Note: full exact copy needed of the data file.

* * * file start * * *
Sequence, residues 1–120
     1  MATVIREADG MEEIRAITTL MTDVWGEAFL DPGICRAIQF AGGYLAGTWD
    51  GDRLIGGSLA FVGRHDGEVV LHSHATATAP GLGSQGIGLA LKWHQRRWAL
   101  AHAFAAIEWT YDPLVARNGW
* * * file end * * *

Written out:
Sequence, residues 1–120
     1  MATVIREADG MEEIRAITTL MTDVWGEAFL DPGICRAIQF AGGYLAGTWD
    51  GDRLIGGSLA FVGRHDGEVV LHSHATATAP GLGSQGIGLA LKWHQRRWAL
   101  AHAFAAIEWT YDPLVARNGW